It’s mildly surprising that not a lot of bands have tried to recreate the sound of 2008-2011 era progressive metalcore, also known as “Sumeriancore” for the label that came to define the sound. Sure, many have iterated on the sound and developed their own on top, but there haven’t been a lot of proper throwbacks. It seems oddly fitting for Aenimus to be the band to do it, as their sophomore album Dreamcatcher is their first since 2013. Not only does Dreamcatcher bring the beat of the genre back to life, it also exudes six years’ worth of creativity as well, and is a very satisfying return to a genre that’s missed sorely by many.
What is Sumeriancore? The definition is malleable, but most would argue that it’s a flavor of deathcore/metalcore with influences from technical death metal. Bands that are archetypal of this subgenre include Veil of Maya, The Faceless, and The Contortionist. Ironically, a common thread among the longtime fandom of these bands is the narrative about how their older releases had a certain sound that they abandoned later in their career. The fast rhythm guitars accentuated by short lead licks in The Common Man’s Collapse, the straight-up technical death metal in Planetary Duality, and the sublime heaviness of Exoplanet. Well, Dreamcatcher has all of that. Even the production on the album is reminiscent of Michael Keene’s sound from that era. At a first glance, this is everything a nostalgic fan of that overall package would want.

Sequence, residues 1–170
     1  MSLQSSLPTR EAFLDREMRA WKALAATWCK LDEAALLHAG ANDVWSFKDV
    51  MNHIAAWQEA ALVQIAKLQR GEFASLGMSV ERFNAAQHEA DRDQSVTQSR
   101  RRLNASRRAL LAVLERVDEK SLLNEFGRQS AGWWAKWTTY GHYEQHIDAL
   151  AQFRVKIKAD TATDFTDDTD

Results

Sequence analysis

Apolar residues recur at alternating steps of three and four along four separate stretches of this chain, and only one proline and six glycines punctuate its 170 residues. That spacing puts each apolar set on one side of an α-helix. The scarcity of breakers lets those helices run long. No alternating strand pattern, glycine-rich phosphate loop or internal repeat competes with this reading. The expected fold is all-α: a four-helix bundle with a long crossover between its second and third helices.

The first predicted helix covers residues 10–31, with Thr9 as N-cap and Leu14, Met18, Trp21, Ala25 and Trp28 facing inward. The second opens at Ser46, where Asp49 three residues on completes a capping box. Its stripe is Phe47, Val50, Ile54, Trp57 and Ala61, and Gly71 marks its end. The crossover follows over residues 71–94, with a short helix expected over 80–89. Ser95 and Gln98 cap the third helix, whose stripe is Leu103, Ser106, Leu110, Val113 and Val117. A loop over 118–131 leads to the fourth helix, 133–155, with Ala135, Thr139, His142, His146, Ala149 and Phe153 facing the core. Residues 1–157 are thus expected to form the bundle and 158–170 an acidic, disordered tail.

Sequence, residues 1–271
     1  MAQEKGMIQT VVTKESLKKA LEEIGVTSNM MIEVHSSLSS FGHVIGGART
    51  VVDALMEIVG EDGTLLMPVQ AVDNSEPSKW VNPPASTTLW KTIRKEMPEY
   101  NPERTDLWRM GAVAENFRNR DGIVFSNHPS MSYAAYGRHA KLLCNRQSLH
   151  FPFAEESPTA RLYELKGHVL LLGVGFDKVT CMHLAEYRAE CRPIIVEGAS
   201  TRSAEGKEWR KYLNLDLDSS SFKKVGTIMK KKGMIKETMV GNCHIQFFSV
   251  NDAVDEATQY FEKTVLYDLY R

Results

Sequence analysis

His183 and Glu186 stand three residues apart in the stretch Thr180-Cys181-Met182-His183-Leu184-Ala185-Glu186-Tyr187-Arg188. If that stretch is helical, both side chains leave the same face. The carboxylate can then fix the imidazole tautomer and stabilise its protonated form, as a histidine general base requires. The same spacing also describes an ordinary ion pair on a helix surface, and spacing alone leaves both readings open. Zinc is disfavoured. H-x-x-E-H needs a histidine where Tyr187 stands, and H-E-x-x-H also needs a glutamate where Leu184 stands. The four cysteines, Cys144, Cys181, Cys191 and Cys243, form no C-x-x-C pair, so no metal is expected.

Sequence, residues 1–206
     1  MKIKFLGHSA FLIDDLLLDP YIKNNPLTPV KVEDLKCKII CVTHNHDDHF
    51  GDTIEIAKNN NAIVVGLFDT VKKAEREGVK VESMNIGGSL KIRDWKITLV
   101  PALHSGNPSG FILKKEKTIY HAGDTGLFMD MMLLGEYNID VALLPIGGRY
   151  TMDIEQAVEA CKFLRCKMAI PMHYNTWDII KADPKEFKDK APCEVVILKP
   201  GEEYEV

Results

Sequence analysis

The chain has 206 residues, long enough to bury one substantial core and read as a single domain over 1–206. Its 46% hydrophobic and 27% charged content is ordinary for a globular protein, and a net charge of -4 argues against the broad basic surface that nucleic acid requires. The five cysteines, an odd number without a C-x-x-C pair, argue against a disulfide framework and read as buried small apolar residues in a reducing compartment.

But that’s not really the end of it. Everything described so far is a potentially appealing, but could still go very wrong. A pure throwback could be still an uninspired, derivative blob. Instead, Aenimus cleverly take the core of the Sumeriancore sound and augment it with everything that metal has developed since then. While bands in this scene were definitely technical, death metal bands have since then increased proliferation of even more complex riffs and leads. Aenimus incorporate these seamlessly into the “oldschool” sound to create something that sounds familiar yet fresh. There’s some light synths, some upbeat singing, clean interludes, and everything else that has become “industry standard” by now, but there’s also the syncopation, the riffs that jump all around the guitar, all that good stuff.
Overall, Dreamcatcher is a fantastic throwback to a short-lived subgenre that was and still is beloved by many. Many bands have come back from similarly long periods of inactivity and not had anything to say, but Aenimus definitely have something to say, and it’s definitely worth listening to.